In agreement with the current study results, no association of the disease with GSTM1 null genotype was noted by several studies in different populations [2, 12–16, 18]. However, an increased risk was seen in individuals with this genotype in some reports [3, 17, 19–24]. The fact that asthma pathogenesis is a result of interactions between multiple genetic and environmental factors highlight that exposure to environmental chemical agents may explain the differences encountered.
A recent study done in Italy for asthmatic adults- which revealed no association for both null genotypes with the disease- stated that the differences in the prevalence of asthma in different ethnic groups reflect and highlight genetic variances with a significant coverage of environmental conditions. The study declared that rapid change in asthma prevalence is not linked to genetic changes in populations because these mechanisms are too slow to explain this scenario and the effect of environmental exposures and interactions between genetic factors and environmental conditions are still a matter of debate .
The current study revealed that the frequencies of GSTT1 and GSTM1 null genotypes in controls were 97.8% and 60.1% respectively. The frequencies previously reported in the Egyptian population (15% and 44% respectively among 34 subjects)  and in another study a higher frequencies was reported (25.50% and 55.50% respectively) . According to our results, the frequency of the GSTM1 null genotype (60.1%) was slightly higher than the previous Egyptian studies, comparable to Caucasians (50.4% -58%), Europeans (39.00–62.00%) and White Americans (35.00–62.00%). However, the frequency of the GSTT1 null genotype (97.8%) was extremely higher than the range of the previous Egyptian studies, Europeans (10.00–21.00%), Africans (15.00–26.00%) and Caucasian- Americans (10.00–36.00%).
Differences in gene frequencies among various ethnic groups, may explain the differences encountered. A previous study that attempted to investigate the prevalence of important allelic variants of several genes including GST gene in the Egyptian population denoted that Egypt is unique geographically, as it is located centrally to the three continents of Africa, Europe and Asia, so its population is highly affected by the rapid pace of intercontinental transportation and large-scale immigration and that throughout history, the Greeks, Romans, Arabs, Turks, French and British have all ruled Egypt and mixed with its people, so that modern Egypt now is an amalgam of all these legacies. So, there is a considerable genetic admixture in the Egyptian population . This genetic admixture explains more the differences encountered between the results of the current study done in Cairo- central Egypt- and that performed in Zagazig- northern Egypt.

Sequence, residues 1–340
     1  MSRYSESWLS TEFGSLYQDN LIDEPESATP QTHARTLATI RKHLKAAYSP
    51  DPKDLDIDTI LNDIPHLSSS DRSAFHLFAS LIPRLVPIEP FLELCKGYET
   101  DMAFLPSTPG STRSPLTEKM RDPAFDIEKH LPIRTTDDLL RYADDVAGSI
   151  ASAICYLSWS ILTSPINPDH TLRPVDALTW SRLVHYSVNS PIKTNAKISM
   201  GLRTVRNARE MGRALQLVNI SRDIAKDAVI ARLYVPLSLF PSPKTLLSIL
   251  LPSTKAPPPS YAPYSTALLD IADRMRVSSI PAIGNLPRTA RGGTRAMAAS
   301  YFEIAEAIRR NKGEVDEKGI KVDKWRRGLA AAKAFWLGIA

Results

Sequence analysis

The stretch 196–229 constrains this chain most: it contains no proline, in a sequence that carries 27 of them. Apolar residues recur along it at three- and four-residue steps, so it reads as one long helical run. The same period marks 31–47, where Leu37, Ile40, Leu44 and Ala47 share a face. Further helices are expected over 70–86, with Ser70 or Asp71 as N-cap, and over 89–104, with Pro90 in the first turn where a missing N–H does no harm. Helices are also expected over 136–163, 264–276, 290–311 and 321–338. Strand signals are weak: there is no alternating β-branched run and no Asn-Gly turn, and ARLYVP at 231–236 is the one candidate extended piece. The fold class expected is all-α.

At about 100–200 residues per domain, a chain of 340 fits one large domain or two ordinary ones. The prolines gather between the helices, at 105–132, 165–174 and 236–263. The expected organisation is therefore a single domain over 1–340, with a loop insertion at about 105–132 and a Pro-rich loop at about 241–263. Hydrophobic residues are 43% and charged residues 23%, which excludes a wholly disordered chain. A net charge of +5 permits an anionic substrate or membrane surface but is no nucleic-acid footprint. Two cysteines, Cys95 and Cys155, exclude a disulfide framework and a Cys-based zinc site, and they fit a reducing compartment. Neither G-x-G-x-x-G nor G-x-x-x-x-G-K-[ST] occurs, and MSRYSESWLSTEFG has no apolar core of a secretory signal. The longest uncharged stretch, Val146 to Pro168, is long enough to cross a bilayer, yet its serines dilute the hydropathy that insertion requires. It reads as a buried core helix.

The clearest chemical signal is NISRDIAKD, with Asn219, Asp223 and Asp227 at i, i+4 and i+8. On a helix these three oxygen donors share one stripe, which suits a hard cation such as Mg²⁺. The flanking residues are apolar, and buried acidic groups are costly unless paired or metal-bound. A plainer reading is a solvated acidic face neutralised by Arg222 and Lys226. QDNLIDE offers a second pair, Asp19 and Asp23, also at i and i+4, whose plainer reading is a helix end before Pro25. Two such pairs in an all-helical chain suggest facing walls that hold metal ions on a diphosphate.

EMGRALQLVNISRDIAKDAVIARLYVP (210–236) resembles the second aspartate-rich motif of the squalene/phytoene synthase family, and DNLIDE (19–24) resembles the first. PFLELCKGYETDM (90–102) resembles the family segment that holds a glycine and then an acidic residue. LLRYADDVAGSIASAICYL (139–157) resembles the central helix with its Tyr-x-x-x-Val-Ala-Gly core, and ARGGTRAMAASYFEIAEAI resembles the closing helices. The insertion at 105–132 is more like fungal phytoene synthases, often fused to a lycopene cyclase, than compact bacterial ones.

The present study compared the GSTT1and GSTM1 null genotypes among asthmatic patients with the levels of asthma severity whether mild (87.5% and 50% respectively), moderate (80.6% and 52.8% respectively) or severe persistent (94.1% and 47.1% respectively) and it revealed no statistical significance (P value: 0.236 and 0.892 respectively). These findings were supported by several studies [12, 14, 15, 29, 30].
Regarding the genetic polymorphisms of GSTT1 and GSTM1 among atopic asthmatic patients and non-atopic asthmatics, no significant statistical difference in GSTT1 and GSTM1 polymorphisms was noted between the two groups (P value: 0.706 and 0.820 respectively). In agreement with the current study, a study done on Egyptian population in zagazig announced that there is no significant association found between atopy and GSTT1 polymorphism. However, they found that the GSTM1 null genotype was significantly higher in atopic asthmatic cases than in nonatopic asthmatic subjects (P = 0.01) .
Comparison of our results with other studies indicates that GSTT1 and GSTM1 null genotypes were not universally associated with the asthma phenotypes. The genetic basis of asthma may differ between different ethnic groups. Future studies of large size should focus on interactions of GST genes with environmental oxidative exposures and with other genes involved in antioxidant pathways. Quality of study conduct and reporting need to be improved to increase credibility of the evidence accumulating over time.
The study was self-funded by authors.